A new analysis of health insurers’ financial data suggests that they remained profitable across markets in 2020 due in part to an unprecedented decrease in health spending and utilization in the spring as the COVID-19 pandemic led to massive shutdowns.
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This analysis examines insurers’ financial data across markets through the end of 2020. It finds that average margins remained relatively high compared to recent years, suggesting many insurers remained profitable even as health spending rebounded and COVID-19 cases surged in the fall and winter.
Private insurance companies expect to pay $2.1 billion in rebates to consumers in 2021 due to excessive premiums in recent years.
Private Insurers Are Expected to Pay $2.1 Billion in Rebates to Consumers This Year for Excessive Health Insurance Premiums Relative to Health Care Expenses
Private insurance companies are expecting to pay out $2.1 billion in rebates to consumers this fall, the second highest amount ever issued under the Affordable Care Act, according to a new KFF analysis. The rebates, which are calculated based on the share of premium revenues that insurance companies paid out…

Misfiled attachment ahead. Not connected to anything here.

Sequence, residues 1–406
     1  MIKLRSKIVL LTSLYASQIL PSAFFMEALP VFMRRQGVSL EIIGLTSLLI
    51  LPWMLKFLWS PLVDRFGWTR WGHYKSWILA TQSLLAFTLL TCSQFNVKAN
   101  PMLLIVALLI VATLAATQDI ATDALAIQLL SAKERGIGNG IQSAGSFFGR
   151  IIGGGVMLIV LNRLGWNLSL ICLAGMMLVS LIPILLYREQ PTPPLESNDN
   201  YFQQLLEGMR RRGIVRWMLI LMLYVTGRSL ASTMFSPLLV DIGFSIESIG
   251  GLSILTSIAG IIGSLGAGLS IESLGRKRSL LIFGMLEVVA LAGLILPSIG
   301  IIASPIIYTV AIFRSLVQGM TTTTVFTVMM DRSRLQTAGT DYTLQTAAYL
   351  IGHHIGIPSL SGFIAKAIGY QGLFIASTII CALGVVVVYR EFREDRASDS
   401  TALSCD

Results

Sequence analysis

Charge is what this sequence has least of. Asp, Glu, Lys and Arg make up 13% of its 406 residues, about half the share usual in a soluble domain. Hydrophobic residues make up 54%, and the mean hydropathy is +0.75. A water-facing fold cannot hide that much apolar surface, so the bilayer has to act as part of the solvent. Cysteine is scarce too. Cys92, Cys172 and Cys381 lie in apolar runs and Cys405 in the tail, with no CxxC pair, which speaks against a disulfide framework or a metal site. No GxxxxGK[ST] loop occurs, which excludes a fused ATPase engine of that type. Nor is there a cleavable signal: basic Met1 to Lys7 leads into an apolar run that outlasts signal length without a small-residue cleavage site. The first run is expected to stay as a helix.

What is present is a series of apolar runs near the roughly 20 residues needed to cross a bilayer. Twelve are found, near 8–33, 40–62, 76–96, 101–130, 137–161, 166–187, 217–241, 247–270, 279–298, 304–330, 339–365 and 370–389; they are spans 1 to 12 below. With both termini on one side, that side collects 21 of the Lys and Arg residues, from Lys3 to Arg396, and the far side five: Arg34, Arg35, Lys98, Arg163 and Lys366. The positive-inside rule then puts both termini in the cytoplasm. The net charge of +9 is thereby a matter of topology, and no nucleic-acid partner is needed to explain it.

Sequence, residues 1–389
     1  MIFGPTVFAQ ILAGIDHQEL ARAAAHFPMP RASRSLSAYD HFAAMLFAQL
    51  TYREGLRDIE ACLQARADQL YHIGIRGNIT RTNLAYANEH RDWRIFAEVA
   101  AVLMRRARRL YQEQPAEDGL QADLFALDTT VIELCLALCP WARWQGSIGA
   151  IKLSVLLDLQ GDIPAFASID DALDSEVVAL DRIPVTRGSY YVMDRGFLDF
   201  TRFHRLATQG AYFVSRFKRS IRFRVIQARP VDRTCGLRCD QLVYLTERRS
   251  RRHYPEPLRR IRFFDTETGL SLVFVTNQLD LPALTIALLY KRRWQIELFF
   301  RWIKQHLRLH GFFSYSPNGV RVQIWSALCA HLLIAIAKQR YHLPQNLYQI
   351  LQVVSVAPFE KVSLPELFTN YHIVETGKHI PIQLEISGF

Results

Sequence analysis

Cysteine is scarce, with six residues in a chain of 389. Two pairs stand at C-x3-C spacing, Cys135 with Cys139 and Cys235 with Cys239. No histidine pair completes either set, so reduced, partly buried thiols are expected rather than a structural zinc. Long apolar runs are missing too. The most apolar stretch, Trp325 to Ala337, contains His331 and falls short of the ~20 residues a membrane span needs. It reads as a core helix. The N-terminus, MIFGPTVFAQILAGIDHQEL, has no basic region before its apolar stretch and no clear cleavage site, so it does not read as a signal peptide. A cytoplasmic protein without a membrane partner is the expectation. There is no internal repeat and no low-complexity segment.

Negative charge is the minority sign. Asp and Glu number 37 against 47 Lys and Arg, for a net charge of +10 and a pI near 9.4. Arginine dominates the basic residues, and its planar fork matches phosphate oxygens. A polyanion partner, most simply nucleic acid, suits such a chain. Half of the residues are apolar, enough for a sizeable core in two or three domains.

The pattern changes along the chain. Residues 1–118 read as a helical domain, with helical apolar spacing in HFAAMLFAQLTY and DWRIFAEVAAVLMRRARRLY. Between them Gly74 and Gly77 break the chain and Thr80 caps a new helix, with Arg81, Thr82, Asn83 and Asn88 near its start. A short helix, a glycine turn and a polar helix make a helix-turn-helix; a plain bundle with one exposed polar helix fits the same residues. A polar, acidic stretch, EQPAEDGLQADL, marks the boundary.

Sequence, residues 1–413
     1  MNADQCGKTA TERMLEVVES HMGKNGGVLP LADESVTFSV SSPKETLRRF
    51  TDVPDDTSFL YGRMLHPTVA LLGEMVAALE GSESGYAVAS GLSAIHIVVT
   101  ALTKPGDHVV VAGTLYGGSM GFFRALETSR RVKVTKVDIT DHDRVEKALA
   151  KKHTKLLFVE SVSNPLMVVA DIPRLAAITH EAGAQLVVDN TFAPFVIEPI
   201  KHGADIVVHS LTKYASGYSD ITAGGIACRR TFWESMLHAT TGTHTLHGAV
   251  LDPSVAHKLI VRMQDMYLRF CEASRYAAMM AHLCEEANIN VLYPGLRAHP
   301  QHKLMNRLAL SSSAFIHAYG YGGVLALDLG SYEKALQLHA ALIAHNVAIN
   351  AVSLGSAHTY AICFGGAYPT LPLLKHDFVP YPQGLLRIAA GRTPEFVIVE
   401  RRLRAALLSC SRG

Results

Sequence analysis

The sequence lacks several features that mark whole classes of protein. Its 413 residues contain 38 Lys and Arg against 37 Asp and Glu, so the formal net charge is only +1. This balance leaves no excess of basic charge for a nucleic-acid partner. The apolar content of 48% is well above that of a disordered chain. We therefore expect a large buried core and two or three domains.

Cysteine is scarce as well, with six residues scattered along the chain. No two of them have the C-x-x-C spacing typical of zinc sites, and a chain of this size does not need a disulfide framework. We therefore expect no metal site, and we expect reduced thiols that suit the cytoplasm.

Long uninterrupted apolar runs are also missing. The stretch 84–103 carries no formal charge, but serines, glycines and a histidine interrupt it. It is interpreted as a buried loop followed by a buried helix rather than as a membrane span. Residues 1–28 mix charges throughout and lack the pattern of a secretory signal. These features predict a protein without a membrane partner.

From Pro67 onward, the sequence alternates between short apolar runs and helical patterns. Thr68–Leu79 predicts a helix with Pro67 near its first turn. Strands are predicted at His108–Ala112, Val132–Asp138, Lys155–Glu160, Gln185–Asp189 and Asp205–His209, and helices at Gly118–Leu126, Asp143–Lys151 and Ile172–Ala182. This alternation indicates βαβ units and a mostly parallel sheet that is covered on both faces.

In this brief, we analyze third quarter data from 2018 to 2020 to examine how insurance markets performed financially through the end of September. Average margins remained relatively high compared to the same point in recent years, suggesting many insurers remained profitable even as non-COVID-related care returned in the summer and fall.
Surprisingly, in comparison to the nearly 9% drop in employment from March to June, early data suggests that employers had kept coverage rates remarkably steady, at least through mid-summer. We find that enrollment in the fully-insured group market dropped by just 1.3% from the end of March through the end of June.
Association Health Plans for Small Groups and Self-Employed Individuals under the Better Care Reconciliation Act
A provision in the Senate Better Care Reconciliation Act (BCRA), a bill to repeal and replace the Affordable Care Act (ACA), would establish association health plan options for small employers and self-employed individuals. For these plans, the requirement that premiums cannot vary based on health status would not apply. This brief describes how association health plans could affect premiums in the small group and non-group markets.
Larry Levitt’s latest post on ACA implementation is now available on the JAMA Forum.
Most Americans have access to health insurance through an employer-sponsored health plan, a fact that has made changing or losing a job a complex issue for the purposes of maintaining health insurance. Moving to a new job can be hard if the employer does not offer health insurance, or if…
Beginning on January 1, 2014, the Affordable Care Act (ACA) requires that all non-grandfathered individual and small group health insurance plans sold in a state, including those offered through an Exchange, cover certain essential health benefits (EHBs). As it stands today, many plans offered in the individual and small group…